Today, it’s a vast, open expanse of concrete and gravel, a vista interrupted only by the occasional construction vehicle, freshly built gate complex and a series of imposing orange cranes — the distinctive color of BNSF Railway — in the distance. A half-hour drive south of Kansas City, there isn’t much that disturbs the serenity of the semi-rural setting.
That will change soon.
This fall, what will become the Kansas City Intermodal Facility, part of the larger Logistics Park Kansas City, will be a loud and busy place as the railroad’s newest intermodal terminal roars to life. Fairly rapidly, possibly within the first two years, the facility will approach its initial capacity of 500,000 lifts a year, encompassing international and domestic containers as well as a fair number of trailers, putting it roughly on par with the Port of Baltimore.
But it’s not the existence of a new intermodal hub in the heartland that makes it noteworthy. Instead, it’s what that hub says about where supply chains may be headed. The facility sits on more than 1,000 acres that BNSF acquired in 2006, with the intent of building the intermodal ramp and to develop, together with an industrial real estate partner, an adjoining park for multiple large distribution centers whose cargo flows are tied to intermodal.
That vision, based on the increasingly accepted idea that it makes sense to locate DCs near intermodal railheads to reduce fuel expense from trucks, is taking a key step toward reality this year. In what will be one of the largest DCs in the Kansas City region to be built on spec, BNSF’s real estate partner, NorthPoint, will break ground in early May on a 500,000-square-foot distribution center within the logistics park and make it available for occupancy by up to three tenants later this year.
Based on how quickly the property is leased, NorthPoint will build others, for a total build-out within the logistics park of some 7 million square feet. Additional land around the park could triple the DC footprint in a total build-out scenario many years in the future.
All this activity is at one level confirmation that the formula of marrying intermodal and distribution centers, which initially took shape at Hillwood’s Alliance, Texas, development and at the Joliet/Ellwood complex developed by CenterPoint Properties, is gaining traction nationally. There are enough examples of fuel-cost savings and thus environmental benefit of reducing to virtually nothing the distance between the railhead and the DC that the basic logistics concept is settled.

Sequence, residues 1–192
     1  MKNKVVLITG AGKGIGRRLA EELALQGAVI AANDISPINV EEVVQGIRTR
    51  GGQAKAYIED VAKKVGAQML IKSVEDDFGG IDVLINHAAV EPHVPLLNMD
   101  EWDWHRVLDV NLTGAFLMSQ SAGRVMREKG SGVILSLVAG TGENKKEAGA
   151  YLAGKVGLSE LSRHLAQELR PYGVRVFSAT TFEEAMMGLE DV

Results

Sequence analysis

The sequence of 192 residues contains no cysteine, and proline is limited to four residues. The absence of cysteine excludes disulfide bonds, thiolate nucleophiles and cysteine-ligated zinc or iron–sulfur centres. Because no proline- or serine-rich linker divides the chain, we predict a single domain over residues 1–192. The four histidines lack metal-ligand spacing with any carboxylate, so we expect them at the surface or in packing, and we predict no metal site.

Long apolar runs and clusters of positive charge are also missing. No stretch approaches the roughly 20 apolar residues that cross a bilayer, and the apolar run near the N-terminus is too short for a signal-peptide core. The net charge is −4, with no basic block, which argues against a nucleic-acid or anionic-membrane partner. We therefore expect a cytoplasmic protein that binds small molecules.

Indeed, so great are the benefits that the whole conversation around DC site selection has changed, with logistics considerations now front and center versus tax abatements or land giveaways.
But the question is how far this will go, especially in one key respect: To date, most DCs located near railheads receive direct international shipments from seaports, that is, 40-foot containers transferred to rail at Los Angeles-Long Beach, for example, and sent straight via BNSF or Union Pacific to Alliance or Joliet/Ellwood — locations that as a result are called “inland ports.”
But the fastest growth in North American intermodal is in domestic shipments moving in 53-foot containers. Accepting that much of the cargo moving inside 53s originated in 40-footers prior to transloading, domestic moves still account for nearly half of U.S. intermodal moves.
The supply chain is different, however. This traffic is managed by truckers and intermodal companies, with rail substituted for a segment of what was previously a fully over-the-road transit. Thus, the trucker picks up the container at the destination railhead, and off it goes back on the road, not down a heavyweight road to a co-located DC.
The question is whether, or to what extent, the economies of locating DCs near railheads for international containers can be extended into domestic intermodal. That’s largely untested, but will be critical if Logistics Park Kansas City, for example, is to reach its full potential.
“In my conversations with the developers at logistics parks, they need to develop strategies to look beyond the international or inland port approach,” said Darrell Coffey, BNSF’s director of economic development, who oversees development of the Logistics Park Kansas City for the railroad. “For the developer to grow their parks, it does need to expand beyond (international) to also include a domestic approach. A customer using a combination of international and domestic can take advantage of shortened dray just as an international carrier is doing.”
That’s why developers of parks such as that in Kansas City are targeting shippers as well as 3PLs, which handle cargo for multiple shippers and thus often can tap more easily into a domestic flow of cargo moving on the rails.
But while intermodal itself is an established trend, the location of DCs near railheads to capture goods moving via domestic intermodal is a story yet to be told.